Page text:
Tamminen
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Re: How does one find True Knowledge?

Post by Tamminen » December 6th, 2018, 9:24 am

RJG wrote:
December 6th, 2018, 8:43 am
Does a docile worm experience pain when he suddenly and violently reacts (squirms) to his body being punctured onto a fishing hook? Is it his 'body' that experiences the pain, or is there a 'conscious entity within' (aka "subject") that experiences the pain?
If it feels pain, it is a subject, and a subject is not a body.
...does the "subject" then instruct the body to "violently squirm"?
Not necessarily. It can be seen as a response by the subject. Or the subject's experience of the physical response.
Why does the 'body' need a "middle-man" to feel for it?
The subject is not a "middle-man". It is the "first man".
If the "conscious entity within" feels for the 'body', then who feels for the "conscious entity within" ?
The subject does not feel for the body, it feels by means of the body. Its body offers it a relationship with the world, and the feeling is its response to that relationship. Everything happens for the subject, and the body is its instrument for existing.

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Re: How does one find True Knowledge?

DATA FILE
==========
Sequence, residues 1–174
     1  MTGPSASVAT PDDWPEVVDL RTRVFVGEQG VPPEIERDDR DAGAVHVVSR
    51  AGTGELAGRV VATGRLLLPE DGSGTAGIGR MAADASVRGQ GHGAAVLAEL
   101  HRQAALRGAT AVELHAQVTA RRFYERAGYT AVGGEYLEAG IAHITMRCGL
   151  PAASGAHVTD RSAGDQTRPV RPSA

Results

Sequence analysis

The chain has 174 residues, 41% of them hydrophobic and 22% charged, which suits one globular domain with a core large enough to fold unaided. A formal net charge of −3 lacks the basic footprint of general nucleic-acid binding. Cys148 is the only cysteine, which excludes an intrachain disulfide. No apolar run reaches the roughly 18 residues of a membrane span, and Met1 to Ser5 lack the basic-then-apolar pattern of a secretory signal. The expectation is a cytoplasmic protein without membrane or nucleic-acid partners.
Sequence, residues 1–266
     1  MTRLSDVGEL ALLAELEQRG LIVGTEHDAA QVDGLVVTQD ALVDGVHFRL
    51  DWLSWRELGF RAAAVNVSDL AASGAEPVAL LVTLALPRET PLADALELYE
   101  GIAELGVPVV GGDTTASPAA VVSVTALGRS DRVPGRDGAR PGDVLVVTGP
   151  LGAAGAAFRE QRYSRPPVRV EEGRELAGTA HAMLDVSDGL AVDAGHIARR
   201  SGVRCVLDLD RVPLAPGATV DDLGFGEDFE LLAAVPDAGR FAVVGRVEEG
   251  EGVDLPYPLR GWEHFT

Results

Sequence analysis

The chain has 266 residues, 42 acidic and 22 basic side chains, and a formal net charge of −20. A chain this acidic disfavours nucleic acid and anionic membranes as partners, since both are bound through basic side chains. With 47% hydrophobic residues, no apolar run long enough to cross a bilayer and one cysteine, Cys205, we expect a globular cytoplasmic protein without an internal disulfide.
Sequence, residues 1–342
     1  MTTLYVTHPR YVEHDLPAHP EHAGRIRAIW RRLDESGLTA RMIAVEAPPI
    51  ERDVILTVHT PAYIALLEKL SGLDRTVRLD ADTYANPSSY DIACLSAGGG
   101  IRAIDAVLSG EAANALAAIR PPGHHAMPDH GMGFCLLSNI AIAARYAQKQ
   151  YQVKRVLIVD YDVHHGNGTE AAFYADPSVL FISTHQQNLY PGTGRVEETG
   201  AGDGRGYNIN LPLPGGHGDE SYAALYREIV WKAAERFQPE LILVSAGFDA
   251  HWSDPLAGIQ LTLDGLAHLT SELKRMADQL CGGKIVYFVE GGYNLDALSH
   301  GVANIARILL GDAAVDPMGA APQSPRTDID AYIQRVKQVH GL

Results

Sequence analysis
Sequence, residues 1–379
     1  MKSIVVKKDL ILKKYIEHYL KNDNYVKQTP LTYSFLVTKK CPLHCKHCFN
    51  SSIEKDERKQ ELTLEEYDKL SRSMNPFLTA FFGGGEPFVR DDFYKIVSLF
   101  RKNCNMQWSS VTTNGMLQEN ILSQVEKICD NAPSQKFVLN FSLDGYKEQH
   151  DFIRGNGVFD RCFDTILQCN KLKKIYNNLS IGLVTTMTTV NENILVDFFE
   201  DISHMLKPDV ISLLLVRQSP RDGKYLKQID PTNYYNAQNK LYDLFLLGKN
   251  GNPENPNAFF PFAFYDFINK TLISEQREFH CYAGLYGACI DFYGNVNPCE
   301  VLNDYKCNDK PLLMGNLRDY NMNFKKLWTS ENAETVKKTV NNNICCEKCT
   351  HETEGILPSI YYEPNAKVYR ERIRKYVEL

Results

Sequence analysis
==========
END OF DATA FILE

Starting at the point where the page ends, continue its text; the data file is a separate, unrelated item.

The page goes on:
Post by Mitch88 » December 6th, 2018, 10:59 am

The treasure of the human mind is such that the ultimate Truth can be found by seeking after it. There can also be a gift received by our spiritual Being in answer to prayer in times of great emotional stress. The human mind when spiritually guided feeds the Soul - our innermost Being that can explain the meaning of Life itself. Such true knowledge can only be found by our belief in God - now admitted by science due to the great complexity of Creation being only possible through a creator God.

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RJG
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Re: How does one find True Knowledge?

Post by RJG » December 6th, 2018, 11:00 am

RJG wrote:Why does the 'body' need a "middle-man" to feel for it?
Tamminen wrote:The subject is not a "middle-man". It is the "first man".
Can a subject exist 'without' a body? -- For without bodily reactions to be conscious of, what is there left for the subject to be conscious of?

RJG wrote:If the "conscious entity within" feels for the 'body', then who feels for the "conscious entity within" ?
Tamminen wrote:The subject does not feel for the body, it feels by means of the body. Its body offers it a relationship with the world, and the feeling is its response to that relationship. Everything happens for the subject, and the body is its instrument for existing.
So without the 'body' and its reactions, there can be no consciousness (nor "subject") of these bodily reactions, ...right?

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Re: How does one find True Knowledge?

Post by Tamminen » December 6th, 2018, 11:38 am

RJG wrote:
December 6th, 2018, 11:00 am